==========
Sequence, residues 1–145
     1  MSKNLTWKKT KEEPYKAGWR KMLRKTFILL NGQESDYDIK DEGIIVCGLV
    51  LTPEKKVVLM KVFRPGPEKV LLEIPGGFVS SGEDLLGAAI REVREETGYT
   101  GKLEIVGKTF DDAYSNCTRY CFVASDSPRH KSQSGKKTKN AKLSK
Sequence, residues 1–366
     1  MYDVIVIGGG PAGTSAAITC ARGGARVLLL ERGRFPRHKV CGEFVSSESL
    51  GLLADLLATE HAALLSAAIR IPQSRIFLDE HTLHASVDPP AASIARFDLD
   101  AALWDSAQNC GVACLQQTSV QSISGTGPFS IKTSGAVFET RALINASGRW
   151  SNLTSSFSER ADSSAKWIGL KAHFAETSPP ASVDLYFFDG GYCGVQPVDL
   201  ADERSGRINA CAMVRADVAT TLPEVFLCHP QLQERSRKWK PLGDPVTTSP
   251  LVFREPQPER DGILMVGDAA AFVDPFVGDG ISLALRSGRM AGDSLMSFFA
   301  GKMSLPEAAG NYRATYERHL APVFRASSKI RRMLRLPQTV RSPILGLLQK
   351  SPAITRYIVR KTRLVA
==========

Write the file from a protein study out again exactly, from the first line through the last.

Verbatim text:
Sequence, residues 1–145
     1  MSKNLTWKKT KEEPYKAGWR KMLRKTFILL NGQESDYDIK DEGIIVCGLV
    51  LTPEKKVVLM KVFRPGPEKV LLEIPGGFVS SGEDLLGAAI REVREETGYT
   101  GKLEIVGKTF DDAYSNCTRY CFVASDSPRH KSQSGKKTKN AKLSK
Sequence, residues 1–366
     1  MYDVIVIGGG PAGTSAAITC ARGGARVLLL ERGRFPRHKV CGEFVSSESL
    51  GLLADLLATE HAALLSAAIR IPQSRIFLDE HTLHASVDPP AASIARFDLD
   101  AALWDSAQNC GVACLQQTSV QSISGTGPFS IKTSGAVFET RALINASGRW
   151  SNLTSSFSER ADSSAKWIGL KAHFAETSPP ASVDLYFFDG GYCGVQPVDL
   201  ADERSGRINA CAMVRADVAT TLPEVFLCHP QLQERSRKWK PLGDPVTTSP
   251  LVFREPQPER DGILMVGDAA AFVDPFVGDG ISLALRSGRM AGDSLMSFFA
   301  GKMSLPEAAG NYRATYERHL APVFRASSKI RRMLRLPQTV RSPILGLLQK
   351  SPAITRYIVR KTRLVA